"What we wanted to achieve when we came here to Copenhagen was to get us out of the deadlock. Either we do something or we land in nothing. And now we have seen countries make efforts and set goals. Even countries that said they wouldn't make any commitments have presented figures," said Reinfeldt, holder of the rotating EU presidency.

UK Climate Minister Ed Miliband said the deal was "an important start". "This is a very significant moment because it indicates developed and developing countries are both signing up to the notion that they should say what they are going to do in terms of cutting carbon emissions," he told Sky television.

UK Prime Minister Gordon Brown said "we have made a start". "What we need to follow up on quickly is ensuring a legally-binding outcome."

Delegates from the European Parliament in Copenhagen called the accord "weak" and "a huge disappointment". Jo Leinen MEP (S&D, Germany), chair of the Parliament's environment committee, said the document "lacks a long-term vision for 2050" and does not have short-term targets for 2020 either.

Leinen placed the responsibility for the weak agreement at the feet of China and the US. "The US has failed to adapt its reduction targets to global needs. China has refused to sign a treaty with international obligations," he said, adding that "the Copenhagen conference demonstrated the highly unsatisfactory and inefficient method of UN conferences. A deep reform of the decision-making process in the framework of the United Nations is an urgent necessity".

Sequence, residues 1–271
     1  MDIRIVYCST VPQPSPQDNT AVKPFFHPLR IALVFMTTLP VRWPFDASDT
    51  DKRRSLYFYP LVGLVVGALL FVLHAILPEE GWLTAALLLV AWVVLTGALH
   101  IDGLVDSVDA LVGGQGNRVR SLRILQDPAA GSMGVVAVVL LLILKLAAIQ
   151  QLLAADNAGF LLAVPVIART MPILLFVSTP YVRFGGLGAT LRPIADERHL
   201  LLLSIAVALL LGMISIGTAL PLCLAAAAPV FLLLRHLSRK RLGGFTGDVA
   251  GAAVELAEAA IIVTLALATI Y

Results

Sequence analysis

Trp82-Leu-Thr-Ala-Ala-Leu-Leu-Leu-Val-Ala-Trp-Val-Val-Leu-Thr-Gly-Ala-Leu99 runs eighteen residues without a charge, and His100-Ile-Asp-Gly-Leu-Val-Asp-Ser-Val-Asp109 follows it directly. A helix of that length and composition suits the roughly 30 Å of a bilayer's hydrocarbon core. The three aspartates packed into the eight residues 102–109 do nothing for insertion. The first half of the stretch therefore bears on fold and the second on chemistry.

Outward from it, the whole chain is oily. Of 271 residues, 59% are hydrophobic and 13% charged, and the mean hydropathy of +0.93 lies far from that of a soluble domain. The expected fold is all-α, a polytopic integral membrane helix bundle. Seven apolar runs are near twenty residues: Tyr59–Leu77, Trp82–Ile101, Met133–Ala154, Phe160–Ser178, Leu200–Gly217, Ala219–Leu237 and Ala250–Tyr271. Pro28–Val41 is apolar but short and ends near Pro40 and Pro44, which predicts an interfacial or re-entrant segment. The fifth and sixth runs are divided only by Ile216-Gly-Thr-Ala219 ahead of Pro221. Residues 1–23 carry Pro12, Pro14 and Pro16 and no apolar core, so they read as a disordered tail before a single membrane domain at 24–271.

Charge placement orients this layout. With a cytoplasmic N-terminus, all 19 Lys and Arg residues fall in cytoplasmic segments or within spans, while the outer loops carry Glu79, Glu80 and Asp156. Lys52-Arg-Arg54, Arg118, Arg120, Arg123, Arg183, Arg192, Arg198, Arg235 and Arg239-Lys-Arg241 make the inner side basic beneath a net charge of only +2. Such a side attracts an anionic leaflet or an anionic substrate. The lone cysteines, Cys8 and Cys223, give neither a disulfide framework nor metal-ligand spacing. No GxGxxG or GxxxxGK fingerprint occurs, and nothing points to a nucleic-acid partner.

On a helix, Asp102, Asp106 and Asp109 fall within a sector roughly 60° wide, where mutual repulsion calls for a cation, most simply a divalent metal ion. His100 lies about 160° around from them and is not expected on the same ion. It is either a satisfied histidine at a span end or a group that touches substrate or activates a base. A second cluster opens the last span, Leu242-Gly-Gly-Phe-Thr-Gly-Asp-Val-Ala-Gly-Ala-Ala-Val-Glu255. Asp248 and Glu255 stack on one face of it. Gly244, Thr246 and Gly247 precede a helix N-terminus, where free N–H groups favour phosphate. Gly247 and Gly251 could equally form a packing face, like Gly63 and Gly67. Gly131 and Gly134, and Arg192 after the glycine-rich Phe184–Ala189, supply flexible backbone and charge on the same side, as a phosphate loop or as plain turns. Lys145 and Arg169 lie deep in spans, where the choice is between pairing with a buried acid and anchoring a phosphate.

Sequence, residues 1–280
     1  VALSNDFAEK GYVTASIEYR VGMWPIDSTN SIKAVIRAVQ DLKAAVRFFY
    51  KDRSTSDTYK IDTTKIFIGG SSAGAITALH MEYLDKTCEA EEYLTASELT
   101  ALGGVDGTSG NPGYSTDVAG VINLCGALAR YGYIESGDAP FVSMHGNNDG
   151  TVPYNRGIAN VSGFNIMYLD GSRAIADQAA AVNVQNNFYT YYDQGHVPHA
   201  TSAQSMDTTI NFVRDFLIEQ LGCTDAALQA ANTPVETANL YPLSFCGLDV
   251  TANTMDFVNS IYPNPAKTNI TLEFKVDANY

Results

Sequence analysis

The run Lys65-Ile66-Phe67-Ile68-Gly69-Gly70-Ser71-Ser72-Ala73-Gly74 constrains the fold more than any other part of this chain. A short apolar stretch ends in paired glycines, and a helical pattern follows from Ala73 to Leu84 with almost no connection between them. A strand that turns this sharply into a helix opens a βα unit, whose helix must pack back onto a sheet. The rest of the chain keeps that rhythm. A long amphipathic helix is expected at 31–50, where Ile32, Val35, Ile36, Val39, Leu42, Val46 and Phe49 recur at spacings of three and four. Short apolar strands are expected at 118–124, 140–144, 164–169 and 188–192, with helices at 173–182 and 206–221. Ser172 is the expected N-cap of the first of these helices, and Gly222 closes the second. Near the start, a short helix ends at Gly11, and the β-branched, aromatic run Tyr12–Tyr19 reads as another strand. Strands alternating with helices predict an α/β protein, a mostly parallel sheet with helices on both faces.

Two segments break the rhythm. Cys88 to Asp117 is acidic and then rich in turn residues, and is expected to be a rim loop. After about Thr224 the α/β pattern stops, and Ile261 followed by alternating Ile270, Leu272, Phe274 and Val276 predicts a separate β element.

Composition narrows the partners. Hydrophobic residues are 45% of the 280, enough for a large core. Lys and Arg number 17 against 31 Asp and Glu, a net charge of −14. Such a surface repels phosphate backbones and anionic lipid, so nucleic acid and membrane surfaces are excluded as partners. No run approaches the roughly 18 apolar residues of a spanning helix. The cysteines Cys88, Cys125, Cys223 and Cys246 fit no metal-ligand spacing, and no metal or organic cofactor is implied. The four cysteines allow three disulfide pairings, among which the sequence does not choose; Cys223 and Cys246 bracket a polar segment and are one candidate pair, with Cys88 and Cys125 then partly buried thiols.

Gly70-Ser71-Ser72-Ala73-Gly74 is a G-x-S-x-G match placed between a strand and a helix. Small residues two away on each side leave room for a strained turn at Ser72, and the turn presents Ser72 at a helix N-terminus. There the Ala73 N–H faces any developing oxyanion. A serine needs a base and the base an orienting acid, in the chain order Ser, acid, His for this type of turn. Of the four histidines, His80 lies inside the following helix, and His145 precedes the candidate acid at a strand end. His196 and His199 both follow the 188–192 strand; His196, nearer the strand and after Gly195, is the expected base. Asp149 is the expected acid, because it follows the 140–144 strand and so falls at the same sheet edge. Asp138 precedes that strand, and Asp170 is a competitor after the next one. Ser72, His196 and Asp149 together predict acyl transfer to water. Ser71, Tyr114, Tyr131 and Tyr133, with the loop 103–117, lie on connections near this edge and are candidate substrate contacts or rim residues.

BusinessEurope, the confederation of European business representing more than 20 million small, medium and large companies, said it was "disappointed by the limited outcome of the Copenhagen climate summit".

The Copenhagen Accord, it said, "has not brightened the prospect for a global level-playing field in the future" for European companies, which are tied down by obligations to reduce their emissions under the EU's emissions trading scheme when other low-wage countries such as China and India are not. "We strongly regret […] that our major economic partners only repeated their limited mitigation commitments," the group said, adding that the risks of factory delocalisation outside Europe – so-called 'carbon leakage' - are "as high as they were before Copenhagen".

However, BusinessEurope did not lose hope that all countries would agree to a legally-binding deal in 2010.

The Copenhagen accord, it said, "now has to quickly lead to a legally-binding agreement because companies need predictability to develop the new green solutions on which a future low-carbon economy will depend".

Jason Anderson, head of EU climate and energy policy at WWF, said the Copenhagen Accord represented no more than "a declaration of will which currently binds no-one and fails to guarantee a safe climate for future generations". "As it stands, this weak accord will not keep global warming below the dangerous level of two degrees," Anderson said.

However, he said the game was not over yet. "While some people may think it's all over, this deal is far from done […] While today's declaration from the US and several other large negotiating blocks is deeply disappointing, industrialised countries have been given until February to commit to their emission reduction pledges. It is vital that they take this opportunity to increase ambition."